Excitatory and inhibitory synapse communication in synaptic plasticity

2019 Seed Grant
Kathleen Smith, Ph.D.
University of Colorado, Denver

During many neurological diseases, brain regions that are essential for learning and memory become over-excitable, due to excessive nerve impulses between nerve cells. This causes nerve cells in these regions to behave abnormally or die, leading to brain damage. Our research aims to understand the processes and factors within nerve cells that cause this over-excitability and their altered function or death. Specifically, we want to know how the connections between nerve cells change during processes that underlie learning and memory (plasticity) in healthy brains, so we can then determine how this goes wrong in disease. We will study nerve cell connections using powerful microscopes to visualize the nerve cells. We can make nerve cells glow green, red and blue so we can observe the changes in the connections between nerves during experiments mimicking plasticity. We will also use a special microscope that allows us to see even the tiniest details of the nerve connections, providing even more information about the processes that are occurring in the nerve cells during plasticity. Lastly, we will determine what factors in the neuron are causing the changes in nerve connections during plasticity. Knowing more about this process will help us understand how to make drugs to treat diseases such as autism, schizophrenia, epilepsy and stroke.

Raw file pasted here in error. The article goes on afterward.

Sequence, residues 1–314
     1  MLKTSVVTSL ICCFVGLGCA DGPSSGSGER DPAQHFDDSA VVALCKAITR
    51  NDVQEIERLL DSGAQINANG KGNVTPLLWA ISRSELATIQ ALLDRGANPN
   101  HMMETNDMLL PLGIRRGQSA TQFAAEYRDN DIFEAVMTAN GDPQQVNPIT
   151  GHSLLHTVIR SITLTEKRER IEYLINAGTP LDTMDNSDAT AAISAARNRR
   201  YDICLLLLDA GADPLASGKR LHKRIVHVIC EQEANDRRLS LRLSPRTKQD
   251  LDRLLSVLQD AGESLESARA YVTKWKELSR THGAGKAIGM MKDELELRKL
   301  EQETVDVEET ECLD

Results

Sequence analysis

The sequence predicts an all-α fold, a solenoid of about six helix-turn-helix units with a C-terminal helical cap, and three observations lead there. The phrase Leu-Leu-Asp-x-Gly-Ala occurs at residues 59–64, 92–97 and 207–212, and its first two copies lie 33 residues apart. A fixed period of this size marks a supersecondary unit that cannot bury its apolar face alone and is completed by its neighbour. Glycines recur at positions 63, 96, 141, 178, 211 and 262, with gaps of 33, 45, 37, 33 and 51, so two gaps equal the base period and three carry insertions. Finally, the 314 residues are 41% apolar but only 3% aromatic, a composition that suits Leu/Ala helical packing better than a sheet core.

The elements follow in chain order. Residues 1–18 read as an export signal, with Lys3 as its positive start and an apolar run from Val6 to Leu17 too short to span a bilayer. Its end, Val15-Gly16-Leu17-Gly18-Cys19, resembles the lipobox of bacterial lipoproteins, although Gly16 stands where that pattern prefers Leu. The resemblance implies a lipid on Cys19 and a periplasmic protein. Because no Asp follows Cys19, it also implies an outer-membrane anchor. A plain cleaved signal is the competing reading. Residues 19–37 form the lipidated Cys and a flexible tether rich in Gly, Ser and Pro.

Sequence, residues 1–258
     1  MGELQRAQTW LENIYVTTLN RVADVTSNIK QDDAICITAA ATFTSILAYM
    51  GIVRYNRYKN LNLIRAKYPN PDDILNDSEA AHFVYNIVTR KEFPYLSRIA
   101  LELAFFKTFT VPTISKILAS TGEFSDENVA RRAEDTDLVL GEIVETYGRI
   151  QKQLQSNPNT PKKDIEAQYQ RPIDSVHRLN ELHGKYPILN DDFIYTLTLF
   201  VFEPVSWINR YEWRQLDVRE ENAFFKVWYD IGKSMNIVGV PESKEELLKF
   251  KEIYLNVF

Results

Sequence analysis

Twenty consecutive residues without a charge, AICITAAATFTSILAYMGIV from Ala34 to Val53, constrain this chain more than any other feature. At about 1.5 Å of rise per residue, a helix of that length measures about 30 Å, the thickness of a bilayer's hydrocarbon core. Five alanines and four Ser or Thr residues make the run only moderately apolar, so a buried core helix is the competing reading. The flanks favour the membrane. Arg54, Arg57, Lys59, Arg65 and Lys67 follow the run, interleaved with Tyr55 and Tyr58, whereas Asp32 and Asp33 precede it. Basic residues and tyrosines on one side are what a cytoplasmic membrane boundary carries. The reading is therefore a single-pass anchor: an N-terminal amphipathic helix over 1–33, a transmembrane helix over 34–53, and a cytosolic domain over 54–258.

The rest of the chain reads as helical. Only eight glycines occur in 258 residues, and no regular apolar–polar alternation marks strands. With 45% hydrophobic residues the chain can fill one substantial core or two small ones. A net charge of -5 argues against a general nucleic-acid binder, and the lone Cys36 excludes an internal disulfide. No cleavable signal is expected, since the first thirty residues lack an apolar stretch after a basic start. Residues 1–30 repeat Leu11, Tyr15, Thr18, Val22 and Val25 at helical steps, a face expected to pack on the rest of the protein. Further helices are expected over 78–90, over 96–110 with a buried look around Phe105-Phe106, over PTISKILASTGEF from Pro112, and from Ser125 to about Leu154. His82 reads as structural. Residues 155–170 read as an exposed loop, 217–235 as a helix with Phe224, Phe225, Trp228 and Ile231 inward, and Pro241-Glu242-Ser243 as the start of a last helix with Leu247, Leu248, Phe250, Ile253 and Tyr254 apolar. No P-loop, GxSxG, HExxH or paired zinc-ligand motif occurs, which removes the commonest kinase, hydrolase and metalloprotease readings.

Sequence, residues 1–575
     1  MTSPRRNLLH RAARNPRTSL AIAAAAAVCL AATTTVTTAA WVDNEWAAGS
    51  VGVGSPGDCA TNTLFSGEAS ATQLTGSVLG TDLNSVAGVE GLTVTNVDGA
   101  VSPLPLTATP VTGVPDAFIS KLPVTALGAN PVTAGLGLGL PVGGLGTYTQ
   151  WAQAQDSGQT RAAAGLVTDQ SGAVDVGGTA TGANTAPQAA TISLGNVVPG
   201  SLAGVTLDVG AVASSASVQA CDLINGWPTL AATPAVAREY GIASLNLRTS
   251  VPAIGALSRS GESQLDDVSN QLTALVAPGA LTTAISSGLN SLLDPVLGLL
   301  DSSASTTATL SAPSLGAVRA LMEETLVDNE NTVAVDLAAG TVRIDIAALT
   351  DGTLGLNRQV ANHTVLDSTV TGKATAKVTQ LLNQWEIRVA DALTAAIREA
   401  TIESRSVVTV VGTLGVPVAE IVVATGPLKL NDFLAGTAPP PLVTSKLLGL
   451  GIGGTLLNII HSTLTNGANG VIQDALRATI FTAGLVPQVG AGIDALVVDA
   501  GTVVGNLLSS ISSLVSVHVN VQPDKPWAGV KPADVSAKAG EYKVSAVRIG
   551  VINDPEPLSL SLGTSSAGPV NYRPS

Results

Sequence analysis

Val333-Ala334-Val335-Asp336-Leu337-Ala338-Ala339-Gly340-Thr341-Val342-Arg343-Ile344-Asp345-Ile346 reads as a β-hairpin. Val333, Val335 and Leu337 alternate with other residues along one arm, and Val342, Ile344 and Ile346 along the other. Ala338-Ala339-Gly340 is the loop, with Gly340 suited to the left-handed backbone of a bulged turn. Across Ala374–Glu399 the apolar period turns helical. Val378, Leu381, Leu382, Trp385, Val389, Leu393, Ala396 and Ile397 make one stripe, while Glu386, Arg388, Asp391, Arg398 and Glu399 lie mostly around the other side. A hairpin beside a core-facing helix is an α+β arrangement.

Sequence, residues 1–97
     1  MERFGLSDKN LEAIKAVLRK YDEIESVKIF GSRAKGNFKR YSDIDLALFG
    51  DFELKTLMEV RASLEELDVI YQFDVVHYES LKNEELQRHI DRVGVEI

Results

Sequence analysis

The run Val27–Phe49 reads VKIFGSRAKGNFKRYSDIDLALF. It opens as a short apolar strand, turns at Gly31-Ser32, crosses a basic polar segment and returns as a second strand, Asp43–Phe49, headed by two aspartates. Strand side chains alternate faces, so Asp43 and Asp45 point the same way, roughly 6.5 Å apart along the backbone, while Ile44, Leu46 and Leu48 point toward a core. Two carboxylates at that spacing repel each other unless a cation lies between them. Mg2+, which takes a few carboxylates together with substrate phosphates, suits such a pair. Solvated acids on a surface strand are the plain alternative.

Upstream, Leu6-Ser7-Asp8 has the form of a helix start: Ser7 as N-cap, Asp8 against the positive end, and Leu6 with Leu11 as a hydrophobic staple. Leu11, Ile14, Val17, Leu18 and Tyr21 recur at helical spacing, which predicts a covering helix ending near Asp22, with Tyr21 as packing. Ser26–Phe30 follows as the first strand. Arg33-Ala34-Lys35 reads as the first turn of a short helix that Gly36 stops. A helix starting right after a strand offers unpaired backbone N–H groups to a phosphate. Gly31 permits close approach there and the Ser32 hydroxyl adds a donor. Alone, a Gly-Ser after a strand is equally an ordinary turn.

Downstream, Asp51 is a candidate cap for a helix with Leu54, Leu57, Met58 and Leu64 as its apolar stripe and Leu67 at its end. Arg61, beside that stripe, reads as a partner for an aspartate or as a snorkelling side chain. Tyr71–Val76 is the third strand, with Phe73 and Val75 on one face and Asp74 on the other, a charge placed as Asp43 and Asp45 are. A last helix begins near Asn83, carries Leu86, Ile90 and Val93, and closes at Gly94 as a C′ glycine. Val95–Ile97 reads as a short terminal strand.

Other Grants

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